A dynamic mic of exceptional quality and versatility that incorporates the best qualities of both dynamic and condenser mic technologies, the MD-441U is acknowledged as one of the most accurate and versatile dynamic mics available. It has a nearly...
Used on vocals for "Take Me to Church", as stated by mix engineer Rob Kirwan in this March 2015 *Sound on Sound* interview. > “I recorded Andrew’s vocals with him in the room, right behind me, so there were no natural acoustics on them. I already spoke about my CMV563/M7 vocal chain. I also always had a Sennheiser M441 on him as a sort of safeguard, and I combined these two while mixing. My mic pre on the 441 was the 1071, and I also had the Vac Rac EQ on his vocals, and the LA2A. So the vocal chain was as warm as it could be. The mic he used in his attic is a Neumann U87. The problem with 87s and 414s for me is that they are so accurate that everything sounds pretty sterile on them, hence my preference for using Gefells and other unusual microphones with lots of character. But it worked on his vocals because his performance was so good.” The version goes unspecified in both this interview and on [Kirwan's official microphone inventory list](https://www.robkirwan.com/studio/), evincing that it is the original U version.more
> “I originally chose the Sennheiser MD 441 for her vocal simply because it’s a fantastically versatile microphone, great for vocals and just about everything you choose to point it at,” Head explained. “Polly [PJ Harvey] used it on some of the vocal recording on her latest Hope Six Demolition Project album and in rehearsal, so it was always an option for the live shows, but in the end, when the whole PJ Harvey production was set-up with 9 musicians on stage and 23 monitors, we thought that the MD 431 had slightly better rejection, and Polly chose it above the MD 441 to use for the festival shows. This is a show where the audibility of the vocal is crucial. I constantly recommend the MD 431 to other engineers.”more
Used for the snare drum on *Icky Thump*, as stated by recording and mixing engineer Joe Chiccarelli in this October 1, 2007 *Mix Online* interview. > As far as miking Meg White's kit, Chiccarelli kept things straight ahead: An AKG D-12 on the kick and a U47 as an overhead run through a Fairchild compressor. It was rare that he miked the snare, but when he did it was a U47 through a Fairchild. When she used a bigger kit, Chiccarelli put a 57 on the snare top and a Sennheiser 441 on the bottom. The toms were not miked, but he used an assortment of mics as overheads and in the room. “I set up a lot of different room mics, maybe eight,” Chiccarelli explains. “Depending on the song, I could go smaller, tighter and punchier, or wide and open. Sometimes, I would use old funky cheap mics as room mics and distort them. Other times, it was a pair of Coles, maybe combined with a pair of 87s far up in the room. We did things with drums like pumping them through the reverb chamber or pumping them through guitar amps.”more
Closeup of the mic can be seen around 0:10 mark. Elton has been said to use Sennheiser mics in general, and there have been claims of using the 441 in particular. He can also be seen to use this mic as early as 1974, as first seen around 2:27 during a concert in London: https://www.youtube.com/watch?v=bF14ECixT9I I'm not sure if this is the exact microphone model, but it seems to be similar in shape. I was also unable to find an exact date for the mic, but scowering various forums has lead to claims that it was popular during the 1970s, also used in drumming.more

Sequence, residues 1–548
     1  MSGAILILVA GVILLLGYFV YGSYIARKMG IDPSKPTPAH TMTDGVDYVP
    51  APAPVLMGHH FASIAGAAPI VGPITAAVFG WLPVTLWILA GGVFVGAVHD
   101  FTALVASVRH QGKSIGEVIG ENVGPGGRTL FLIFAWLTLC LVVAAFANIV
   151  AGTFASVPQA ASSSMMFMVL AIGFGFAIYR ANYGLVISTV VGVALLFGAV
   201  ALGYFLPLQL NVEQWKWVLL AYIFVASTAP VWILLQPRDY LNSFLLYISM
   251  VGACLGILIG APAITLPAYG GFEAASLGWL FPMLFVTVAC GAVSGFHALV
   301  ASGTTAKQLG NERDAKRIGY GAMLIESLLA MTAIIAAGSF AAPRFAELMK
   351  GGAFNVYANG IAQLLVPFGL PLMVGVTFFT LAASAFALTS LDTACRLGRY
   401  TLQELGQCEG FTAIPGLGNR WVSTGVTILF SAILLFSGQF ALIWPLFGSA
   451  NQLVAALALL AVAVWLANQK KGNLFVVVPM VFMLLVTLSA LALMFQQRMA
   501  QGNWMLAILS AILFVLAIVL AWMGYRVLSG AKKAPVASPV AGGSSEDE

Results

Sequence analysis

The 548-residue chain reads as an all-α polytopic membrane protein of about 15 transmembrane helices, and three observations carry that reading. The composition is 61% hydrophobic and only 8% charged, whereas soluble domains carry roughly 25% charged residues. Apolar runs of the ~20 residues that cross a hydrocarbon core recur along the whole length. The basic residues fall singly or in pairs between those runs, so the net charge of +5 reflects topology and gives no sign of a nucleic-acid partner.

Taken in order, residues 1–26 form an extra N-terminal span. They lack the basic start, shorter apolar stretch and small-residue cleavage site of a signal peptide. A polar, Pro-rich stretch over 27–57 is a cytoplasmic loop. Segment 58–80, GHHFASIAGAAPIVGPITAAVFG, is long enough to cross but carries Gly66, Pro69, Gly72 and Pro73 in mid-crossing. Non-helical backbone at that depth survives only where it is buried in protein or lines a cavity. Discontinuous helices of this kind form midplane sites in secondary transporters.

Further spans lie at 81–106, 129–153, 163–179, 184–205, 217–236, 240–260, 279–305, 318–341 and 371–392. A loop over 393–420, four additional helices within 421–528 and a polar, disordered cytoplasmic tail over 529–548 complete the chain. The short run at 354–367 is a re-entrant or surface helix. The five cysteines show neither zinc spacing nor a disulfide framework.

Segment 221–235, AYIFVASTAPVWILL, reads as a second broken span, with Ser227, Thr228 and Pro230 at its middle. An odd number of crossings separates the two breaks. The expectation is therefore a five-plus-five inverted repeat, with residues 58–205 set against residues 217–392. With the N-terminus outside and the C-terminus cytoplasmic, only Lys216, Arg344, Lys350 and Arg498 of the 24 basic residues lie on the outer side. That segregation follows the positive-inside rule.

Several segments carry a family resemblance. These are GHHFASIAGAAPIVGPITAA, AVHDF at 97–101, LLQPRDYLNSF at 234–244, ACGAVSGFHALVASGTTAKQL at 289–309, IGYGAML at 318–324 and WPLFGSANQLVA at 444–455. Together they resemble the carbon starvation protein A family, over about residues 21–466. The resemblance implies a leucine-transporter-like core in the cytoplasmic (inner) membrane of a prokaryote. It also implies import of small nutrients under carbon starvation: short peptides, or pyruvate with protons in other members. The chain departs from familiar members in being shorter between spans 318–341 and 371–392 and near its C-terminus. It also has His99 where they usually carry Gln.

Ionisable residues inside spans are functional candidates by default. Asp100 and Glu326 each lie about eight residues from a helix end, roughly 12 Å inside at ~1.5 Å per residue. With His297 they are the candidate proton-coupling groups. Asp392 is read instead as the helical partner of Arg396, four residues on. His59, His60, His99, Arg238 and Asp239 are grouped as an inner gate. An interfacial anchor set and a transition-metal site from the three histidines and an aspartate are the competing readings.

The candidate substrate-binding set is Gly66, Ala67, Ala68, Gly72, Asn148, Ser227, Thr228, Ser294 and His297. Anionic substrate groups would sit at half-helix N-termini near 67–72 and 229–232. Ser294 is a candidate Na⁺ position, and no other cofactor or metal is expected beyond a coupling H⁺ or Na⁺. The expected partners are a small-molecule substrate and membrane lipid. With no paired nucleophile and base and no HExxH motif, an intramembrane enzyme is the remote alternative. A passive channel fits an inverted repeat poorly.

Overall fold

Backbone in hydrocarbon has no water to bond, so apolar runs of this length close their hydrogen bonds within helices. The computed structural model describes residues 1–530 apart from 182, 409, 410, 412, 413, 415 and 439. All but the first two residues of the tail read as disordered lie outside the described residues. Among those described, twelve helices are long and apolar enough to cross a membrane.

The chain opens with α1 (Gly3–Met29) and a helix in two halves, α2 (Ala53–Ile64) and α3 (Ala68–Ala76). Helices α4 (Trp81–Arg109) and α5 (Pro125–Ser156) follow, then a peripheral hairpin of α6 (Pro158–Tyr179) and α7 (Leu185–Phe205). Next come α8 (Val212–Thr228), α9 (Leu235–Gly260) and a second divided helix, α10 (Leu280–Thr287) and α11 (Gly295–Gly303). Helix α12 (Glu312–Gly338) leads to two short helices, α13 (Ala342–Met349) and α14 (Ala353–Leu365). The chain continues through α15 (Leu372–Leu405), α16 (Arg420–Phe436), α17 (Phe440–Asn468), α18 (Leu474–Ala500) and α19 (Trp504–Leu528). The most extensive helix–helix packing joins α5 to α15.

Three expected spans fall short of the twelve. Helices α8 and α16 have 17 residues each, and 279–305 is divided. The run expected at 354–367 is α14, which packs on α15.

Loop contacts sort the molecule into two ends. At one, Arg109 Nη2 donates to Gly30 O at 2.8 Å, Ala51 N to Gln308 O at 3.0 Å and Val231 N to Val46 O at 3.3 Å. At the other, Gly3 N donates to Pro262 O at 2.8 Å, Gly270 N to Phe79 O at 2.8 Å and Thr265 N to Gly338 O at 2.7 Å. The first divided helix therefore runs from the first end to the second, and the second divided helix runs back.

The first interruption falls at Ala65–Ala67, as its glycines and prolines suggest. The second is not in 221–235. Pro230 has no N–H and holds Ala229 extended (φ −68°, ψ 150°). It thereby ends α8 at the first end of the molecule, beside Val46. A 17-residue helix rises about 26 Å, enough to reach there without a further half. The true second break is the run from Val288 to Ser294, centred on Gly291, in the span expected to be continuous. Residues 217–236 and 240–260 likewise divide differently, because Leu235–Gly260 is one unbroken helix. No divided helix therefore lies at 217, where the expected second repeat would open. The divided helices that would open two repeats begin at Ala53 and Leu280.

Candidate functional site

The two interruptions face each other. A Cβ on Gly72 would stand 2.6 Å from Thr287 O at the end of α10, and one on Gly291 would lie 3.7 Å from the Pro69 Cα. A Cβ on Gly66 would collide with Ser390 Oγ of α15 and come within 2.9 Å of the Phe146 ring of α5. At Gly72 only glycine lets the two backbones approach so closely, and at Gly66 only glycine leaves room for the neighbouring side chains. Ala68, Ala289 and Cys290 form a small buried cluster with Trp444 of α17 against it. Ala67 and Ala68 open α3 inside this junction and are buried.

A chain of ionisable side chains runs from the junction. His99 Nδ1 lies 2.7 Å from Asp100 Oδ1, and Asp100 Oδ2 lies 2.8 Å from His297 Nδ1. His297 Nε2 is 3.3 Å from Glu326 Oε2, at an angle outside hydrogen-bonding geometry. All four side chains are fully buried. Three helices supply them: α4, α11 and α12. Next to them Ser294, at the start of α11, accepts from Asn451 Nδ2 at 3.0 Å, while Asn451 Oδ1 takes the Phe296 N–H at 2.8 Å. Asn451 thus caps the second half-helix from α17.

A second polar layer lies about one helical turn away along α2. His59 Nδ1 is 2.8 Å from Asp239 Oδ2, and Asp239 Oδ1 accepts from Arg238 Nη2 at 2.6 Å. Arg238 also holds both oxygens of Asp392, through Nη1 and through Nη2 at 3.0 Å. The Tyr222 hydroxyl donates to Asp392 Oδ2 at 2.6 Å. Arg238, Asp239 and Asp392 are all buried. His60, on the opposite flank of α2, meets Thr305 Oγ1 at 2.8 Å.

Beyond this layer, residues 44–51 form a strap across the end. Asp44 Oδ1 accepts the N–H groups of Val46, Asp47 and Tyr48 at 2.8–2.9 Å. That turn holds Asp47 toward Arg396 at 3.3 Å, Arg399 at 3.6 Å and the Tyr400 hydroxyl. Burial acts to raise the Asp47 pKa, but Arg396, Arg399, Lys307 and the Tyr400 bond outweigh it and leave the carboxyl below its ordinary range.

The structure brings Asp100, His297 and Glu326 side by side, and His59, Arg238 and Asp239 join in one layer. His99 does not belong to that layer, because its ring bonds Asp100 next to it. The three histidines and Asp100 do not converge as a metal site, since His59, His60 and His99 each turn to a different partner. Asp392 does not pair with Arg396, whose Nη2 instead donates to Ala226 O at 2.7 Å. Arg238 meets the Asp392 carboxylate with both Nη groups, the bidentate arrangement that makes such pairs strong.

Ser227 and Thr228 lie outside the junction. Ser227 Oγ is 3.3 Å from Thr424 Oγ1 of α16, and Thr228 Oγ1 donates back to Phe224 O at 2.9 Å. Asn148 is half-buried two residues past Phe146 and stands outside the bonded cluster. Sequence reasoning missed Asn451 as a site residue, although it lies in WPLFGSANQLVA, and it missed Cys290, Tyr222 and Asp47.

Used on *Anthem of the Peaceful Army*, as stated by mix engineer Al Sutton in this January 2019 *Sound on Sound* interview. > (...) "I take the Glyn Johns setup as my basis, with an overhead and a side mic equidistant from the snare — I use two drum sticks to measure the distance. I used to use two Mesanovic M2 ribbons for this, but now use two Neumann U67 mics. In addition, my kick mic is the AKG D36, and my snare mics are the Shure SM57 and Neumann Gefell M300, held together by an X clip. I have a mic pointing at the side of the snare which often is called the 'wurst mic' [a term coined by German engineer Moses Schneider for a saturated lo-fi drum mic that delivers a sausage-shaped waveform — Ed.]. I used to use the Neumann UM57 for that, but now it's the Sennheiser MD441. It's really pointy and effected-sounding, and technically you can use that mic for your entire drum sound. My room mics are two Mesonovic ribbons, in a Blumlein setup. All drum mics went through the API, straight into Pro Tools."more
Used live for saxophone late in life, as is visible in [this January 1, 1989 photo of Fela in the UK](https://www.gettyimages.com/detail/news-photo/photo-of-fela-kuti-news-photo/91140443) and [this January 1, 1990 photo of Kuti at London's Brixton Academy](https://media.gettyimages.com/photos/photo-of-fela-kuti-fela-kuti-performs-live-at-brixton-academy-london-picture-id85513440).more
Greg lake chose the stylish and accurate Sennheiser 441 microphone as his main vocal mic for the technically advanced PA used in the 1977 'Works' Orchestra Tour. Stevie Nicks of Fleetwood Mac began using this mic for their 'Rumors' tour, and it remained her visual trademark for decades.more
A dynamic mic of exceptional quality and versatility that incorporates the best qualities of both dynamic and condenser mic technologies, the MD-441U is acknowledged as one of the most accurate and versatile dynamic mics available. It has a nearly textbook perfect supercardioid polar pattern, a five-position bass contour switch, a critically dampened internal shock suspension, and a humbucking coil. It's exquisite for vocals and instruments.
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